Relationship issues

The DSM limits mental disorders to "a clinically significant behavioral or psychological syndrome or pattern that occurs in an individual." As a result, problems that occur between or among individuals are not really defined by the DSM, but of course they exist and require treatment. Cognitive behavioral therapy (CBT) can be highly effective with a variety of relationship issues.

Therapy and couples

Couples therapy is a process of mediation and mind education for conflicted couples that want more from their relationships and have exhausted, over time, their ability to find solutions on their own. It identifies hidden sources of conflict in each individual and identifies how they poison the dialogue. It teaches them new techniques and perspectives about how to listen and communicate more effectively. It offers new and more effective relationship models and rehearses the changes. It negotiates specific compromises and new ways of pleasing and interacting for each couple. It fine tunes the process until successful completion.

Therapy and families

CBT can help families that are torn apart by conflict. CBT sets collaborative goals that all family members can agree on and helps family members empathize with each other through role playing. Listening and validating feelings without judging are learned skills that contribute to family harmony. Although CBT for family therapy is relatively new, it has shown concrete results across a wide range of issues. CBT is distinguished from traditional therapies by being brief, results-oriented and solution-focused. We help families work together so that all members get their needs met and the family environment is more calm, productive, and pleasant.

Coping with mental illness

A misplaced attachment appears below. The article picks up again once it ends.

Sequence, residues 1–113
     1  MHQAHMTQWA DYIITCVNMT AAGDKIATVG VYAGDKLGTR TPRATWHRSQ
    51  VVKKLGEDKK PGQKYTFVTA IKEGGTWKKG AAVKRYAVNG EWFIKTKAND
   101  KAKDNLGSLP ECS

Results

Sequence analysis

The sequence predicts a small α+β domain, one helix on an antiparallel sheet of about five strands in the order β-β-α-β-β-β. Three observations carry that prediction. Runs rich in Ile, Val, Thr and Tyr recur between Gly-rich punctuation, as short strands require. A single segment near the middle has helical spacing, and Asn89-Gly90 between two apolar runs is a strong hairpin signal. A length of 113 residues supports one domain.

The roller-coaster of living with someone with mental illness can threaten family stability. Parents and siblings need to learn coping mechanisms and how to draw good boundaries. Mental illness can turn the person you love into a frightening stranger, especially if your loved one refuses to take medication. There are strategies that can help you avoid burnout and to effectively manage crisis situations. Skills such as nonjudgmental listening may allow you to rebuild emotional bonds with the ill individual and can help you guide him to desired behaviors, such as compliance with psychiatrist appointments and medication.

Types of relationship issues

Partner relationship issues

Partner relationship issues can be communication problems, sexual problems, financial problems, or a combination of many issues. Often, what appears to be one problem is actually masquerading as a deeper one. In domestic abuse, there is a high risk for violence; the victimized partner must be supported in efforts to step outside the abusive situation and start a new life.

Parent-child issues

Parenting problems can arise when parents are unsure how to handle the child who display resistance to authority, frequent tantrums, unmanageable sibling rivalry, or other issues. Sometimes, these issues are related to a disorder such as ADHD. Parent-child relationship issues can be manifest by a child's lack of respect for the parent or behavioral problems such as acting out, stealing, and running away. 

Family issues

Every family is an ecosystem. The balance can become upset when one member becomes chronically ill, there is a job loss or financial insecurity, there is extreme sibling rivalry, or there is friction with in-laws or extended family. 

Child abuse issues

While we do not treat sexual abuse (this requires a specialist), we treat victims of childhood trauma and neglect. This includes children adopted from war- or poverty-ravaged areas who display signs of abuse, although their history is unknown.

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21110 Biscayne Blvd., Suite 304
Aventura, FL 33180

Valet parking available

305-932-5500  •  305-935-0466 Fax
Mon-Thur 8am-6pm and Fri 8am-5pm
Closed for lunch 1pm-2pm daily
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